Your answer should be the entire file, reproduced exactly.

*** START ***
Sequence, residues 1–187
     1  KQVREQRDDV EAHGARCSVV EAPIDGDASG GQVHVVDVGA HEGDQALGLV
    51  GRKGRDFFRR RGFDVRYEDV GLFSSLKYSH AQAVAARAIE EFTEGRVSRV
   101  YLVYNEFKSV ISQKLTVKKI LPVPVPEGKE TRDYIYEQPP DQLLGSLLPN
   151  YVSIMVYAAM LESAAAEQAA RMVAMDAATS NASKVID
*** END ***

Sequence, residues 1–187
     1  KQVREQRDDV EAHGARCSVV EAPIDGDASG GQVHVVDVGA HEGDQALGLV
    51  GRKGRDFFRR RGFDVRYEDV GLFSSLKYSH AQAVAARAIE EFTEGRVSRV
   101  YLVYNEFKSV ISQKLTVKKI LPVPVPEGKE TRDYIYEQPP DQLLGSLLPN
   151  YVSIMVYAAM LESAAAEQAA RMVAMDAATS NASKVID